Wait, have I told you that story before?




I myself am not at E3 this year, I've stayed home to write blogs and design games and otherwise behave productively. Also, the E3 Powers That Be denied my application for a free pass this time, even though I sent in exactly the same documents as last year. The email said that E3 was for industry professionals -- apparently I haven't been wearing the requisite number of nVidia T-shirts.




Sam & Max E3 posters
Some friends of mine are there, though -- a big dog and a sociopathic bunny, announcing a few particulars about their new episodic game series and partying crazily into the wee hours with graphics card manufacturers, who tend to be a pretty rowdy bunch. I'm speaking of course of Sam & Max - and there's an acronym I can't wait to see on the side of a bus -- a pair of walking arguments for gun control whom you may already have seen tracking their special breed of euphoric madness all over other portions of our web site.




While they're down in LA having a good time, Brendan and I are confined to the conference room until the designs are done for all of the episodes, and probably a bit longer for quarantine purposes. The conference room at Telltale is at least fifteen degrees colder than the rest of the building, which is why it's normally referred to as the c-c-conference room, and why we're working as fast as we can.




Meanwhile, Sam & Max have been calling us up from the expo at all hours, asking for somebody called "I.P. Frilly" and making wild suggestions about the games. Sam wants to be able to project a force beam from his ears and thinks we should get Kurosawa to direct. Max is obsessed with the idea of including a collectible switchblade along with each episode. Every time I try to explain that the games are downloadable, he sarcastically calls me "commissioner" and then giggles uncontrollably.




Man, I can't wait for E3 to be over.


DEATH by POISONS

Posted on May 2006 by TelltaleGames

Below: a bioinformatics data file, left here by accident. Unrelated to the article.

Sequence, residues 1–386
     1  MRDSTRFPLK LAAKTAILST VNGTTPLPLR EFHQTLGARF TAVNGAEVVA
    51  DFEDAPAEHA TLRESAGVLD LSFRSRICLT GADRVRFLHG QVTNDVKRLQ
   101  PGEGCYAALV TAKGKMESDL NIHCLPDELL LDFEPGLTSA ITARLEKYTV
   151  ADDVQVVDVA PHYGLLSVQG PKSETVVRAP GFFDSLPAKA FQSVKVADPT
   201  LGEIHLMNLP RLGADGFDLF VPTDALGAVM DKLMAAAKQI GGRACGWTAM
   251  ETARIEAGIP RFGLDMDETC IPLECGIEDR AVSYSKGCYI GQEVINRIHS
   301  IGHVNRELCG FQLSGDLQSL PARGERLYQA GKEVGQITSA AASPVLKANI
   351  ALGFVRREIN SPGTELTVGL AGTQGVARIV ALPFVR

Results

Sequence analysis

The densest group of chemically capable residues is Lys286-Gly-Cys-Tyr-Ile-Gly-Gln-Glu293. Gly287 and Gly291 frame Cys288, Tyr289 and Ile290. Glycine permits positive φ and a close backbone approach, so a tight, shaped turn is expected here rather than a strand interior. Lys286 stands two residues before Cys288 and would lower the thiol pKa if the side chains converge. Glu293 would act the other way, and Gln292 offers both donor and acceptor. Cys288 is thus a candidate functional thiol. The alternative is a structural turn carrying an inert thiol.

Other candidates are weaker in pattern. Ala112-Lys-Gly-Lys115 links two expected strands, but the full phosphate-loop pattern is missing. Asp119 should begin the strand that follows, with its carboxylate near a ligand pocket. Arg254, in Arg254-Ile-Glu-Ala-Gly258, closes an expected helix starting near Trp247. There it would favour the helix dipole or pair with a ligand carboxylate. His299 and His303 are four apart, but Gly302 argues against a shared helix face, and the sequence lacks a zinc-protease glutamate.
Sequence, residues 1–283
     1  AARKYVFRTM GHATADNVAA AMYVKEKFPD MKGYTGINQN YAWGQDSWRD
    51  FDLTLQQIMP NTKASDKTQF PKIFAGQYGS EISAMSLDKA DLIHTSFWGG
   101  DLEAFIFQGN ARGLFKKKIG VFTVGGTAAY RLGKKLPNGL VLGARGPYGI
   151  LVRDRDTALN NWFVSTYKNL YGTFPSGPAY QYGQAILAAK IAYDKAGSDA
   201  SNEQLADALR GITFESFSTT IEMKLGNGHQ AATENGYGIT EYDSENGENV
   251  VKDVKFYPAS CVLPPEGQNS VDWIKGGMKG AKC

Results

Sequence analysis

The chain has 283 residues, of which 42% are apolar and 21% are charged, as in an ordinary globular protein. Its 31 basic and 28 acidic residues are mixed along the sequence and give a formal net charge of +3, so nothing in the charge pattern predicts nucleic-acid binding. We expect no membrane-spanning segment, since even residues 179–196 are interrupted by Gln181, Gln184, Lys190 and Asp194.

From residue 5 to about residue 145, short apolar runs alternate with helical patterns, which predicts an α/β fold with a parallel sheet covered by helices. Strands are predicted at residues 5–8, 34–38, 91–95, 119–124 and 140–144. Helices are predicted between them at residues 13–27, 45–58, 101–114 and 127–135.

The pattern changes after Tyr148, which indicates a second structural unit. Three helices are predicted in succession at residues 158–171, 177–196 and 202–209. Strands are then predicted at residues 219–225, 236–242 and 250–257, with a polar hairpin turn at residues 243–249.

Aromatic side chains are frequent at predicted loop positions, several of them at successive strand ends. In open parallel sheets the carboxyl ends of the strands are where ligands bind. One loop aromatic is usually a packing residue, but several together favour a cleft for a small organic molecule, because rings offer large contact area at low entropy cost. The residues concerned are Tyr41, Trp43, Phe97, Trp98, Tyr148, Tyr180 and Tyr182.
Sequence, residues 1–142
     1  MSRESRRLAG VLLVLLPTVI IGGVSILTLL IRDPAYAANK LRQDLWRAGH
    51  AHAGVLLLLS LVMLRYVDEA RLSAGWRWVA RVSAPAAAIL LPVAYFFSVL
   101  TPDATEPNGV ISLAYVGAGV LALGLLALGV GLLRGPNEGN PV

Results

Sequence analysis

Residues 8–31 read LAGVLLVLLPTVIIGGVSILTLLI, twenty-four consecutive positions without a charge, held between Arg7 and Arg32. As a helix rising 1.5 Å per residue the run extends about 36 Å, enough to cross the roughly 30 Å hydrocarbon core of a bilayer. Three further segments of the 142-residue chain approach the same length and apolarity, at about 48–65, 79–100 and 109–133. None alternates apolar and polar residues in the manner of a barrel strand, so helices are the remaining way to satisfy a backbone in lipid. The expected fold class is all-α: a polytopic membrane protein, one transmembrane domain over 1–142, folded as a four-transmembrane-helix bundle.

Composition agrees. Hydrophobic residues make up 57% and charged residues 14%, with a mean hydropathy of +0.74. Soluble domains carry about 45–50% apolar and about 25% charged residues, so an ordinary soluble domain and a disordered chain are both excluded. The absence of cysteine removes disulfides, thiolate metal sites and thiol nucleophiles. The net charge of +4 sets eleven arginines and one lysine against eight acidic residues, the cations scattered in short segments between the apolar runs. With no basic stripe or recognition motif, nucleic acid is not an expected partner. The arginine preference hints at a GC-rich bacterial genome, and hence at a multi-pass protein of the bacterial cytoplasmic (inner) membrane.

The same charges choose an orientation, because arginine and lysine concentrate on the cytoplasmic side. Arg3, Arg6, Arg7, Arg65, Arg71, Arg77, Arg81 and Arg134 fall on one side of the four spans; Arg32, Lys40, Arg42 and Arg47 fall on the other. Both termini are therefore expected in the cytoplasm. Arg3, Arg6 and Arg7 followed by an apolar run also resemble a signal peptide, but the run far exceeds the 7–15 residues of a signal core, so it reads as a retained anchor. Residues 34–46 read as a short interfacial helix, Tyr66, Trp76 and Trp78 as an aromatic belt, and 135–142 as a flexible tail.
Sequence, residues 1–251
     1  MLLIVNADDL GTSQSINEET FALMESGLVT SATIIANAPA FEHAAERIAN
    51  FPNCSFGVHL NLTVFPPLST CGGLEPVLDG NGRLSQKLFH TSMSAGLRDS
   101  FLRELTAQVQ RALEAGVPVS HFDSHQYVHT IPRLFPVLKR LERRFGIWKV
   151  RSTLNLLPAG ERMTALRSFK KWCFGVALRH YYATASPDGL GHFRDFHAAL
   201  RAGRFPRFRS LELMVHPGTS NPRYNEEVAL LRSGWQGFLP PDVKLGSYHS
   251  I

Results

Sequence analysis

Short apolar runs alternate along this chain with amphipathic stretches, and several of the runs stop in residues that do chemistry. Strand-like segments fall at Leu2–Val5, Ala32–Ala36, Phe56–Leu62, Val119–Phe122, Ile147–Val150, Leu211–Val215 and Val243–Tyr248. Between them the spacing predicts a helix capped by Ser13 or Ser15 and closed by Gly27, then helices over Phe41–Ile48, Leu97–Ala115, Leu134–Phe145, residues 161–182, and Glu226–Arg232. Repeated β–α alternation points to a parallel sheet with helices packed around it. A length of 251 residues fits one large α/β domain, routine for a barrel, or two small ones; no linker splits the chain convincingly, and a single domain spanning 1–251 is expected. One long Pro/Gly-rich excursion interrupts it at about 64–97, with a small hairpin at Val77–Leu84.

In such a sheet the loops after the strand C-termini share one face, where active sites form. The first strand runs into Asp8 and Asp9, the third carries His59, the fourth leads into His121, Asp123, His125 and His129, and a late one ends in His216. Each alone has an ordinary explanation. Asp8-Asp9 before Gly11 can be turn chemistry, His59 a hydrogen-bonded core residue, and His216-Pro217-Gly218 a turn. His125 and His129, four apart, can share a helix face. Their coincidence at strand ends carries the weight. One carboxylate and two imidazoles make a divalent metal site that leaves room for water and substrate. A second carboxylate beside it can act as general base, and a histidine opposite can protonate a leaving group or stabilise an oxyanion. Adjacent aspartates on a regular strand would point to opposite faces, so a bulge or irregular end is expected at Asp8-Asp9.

When I came into work today, I noticed a binder on Greg's chair with the words "DEATH by POISONS"� written in large, unfriendly letters on the cover.



I screamed.



I always thought I would be the only one in the office with a DEATH by POISONS binder, but now I realize it's commonplace. Nevertheless, the title DEATH by POISONS gave me an idea for one of the most improbable segues in recent memory. Ladies and gentlemen, I'm pleased to announce the newest RPG I just made up, The Blades of Stenchtar IV: DEATH by POISONS!



For years, the ending of The Blades of Stenchtar II was the most universally despised game conclusion ever conceived, but it has since been worsted by the ending of its own sequel, The Blades of Stenchtar III. Letters have been pouring in from incensed fans around the globe who refuse to accept that Oinktoast the Meticulous could have been killed at the conclusion of TBOSIII.



"I've got a message for whoever came up with that ending: I'm going to bury you with a shovel, then bury the shovel, then bury the guy that buried the shovel."�



Stuff like that.



Well you know it's funny, really, because all this uproar is over nothing. Oinktoast never died at the end of TBOSIII! That was just a translation error from the original Esperanto. The word for 'die' was confused with the word for 'take a very long nap that lasts until the sequel.' Oinktoast Lives!



But as much as its ending was criticized, it was the gameplay in TBOSIII that really steamed our fans' rice. Reviews were scathing.



"I used to be against nuclear weapons, but after playing the mini-games in TBOSIII, now I'm not so sure."�



Stuff like that.



It's clear to me that fans don't want something new. They don't want something different. They want the Same, Same, Same every Game, Game, Game. Hey, that's fine by me. I'm just doing this for the money. TBOSIV is all about getting back to basics, back to the funner, simpler games of yesteryear (aka 2004).



So I studied all the great games of the past for inspiration. What do all the most beloved role-playing games have in common? Game designers the world over have racked their respective brains for the single most fantastic, compelling event that could ever be experienced in a fantasy world, and the response has been near unanimous: rat attacks.



Nothing can be so certain to leave an indelible impression on the player's consciousness as bloodthirsty rats. As such, TBOSIV consists of an ever increasing series of epic rat battles. They will come at you in waves of 2, 5, 10... until eventually you're fighting more rats in a single battle than have ever existed in the universe combined.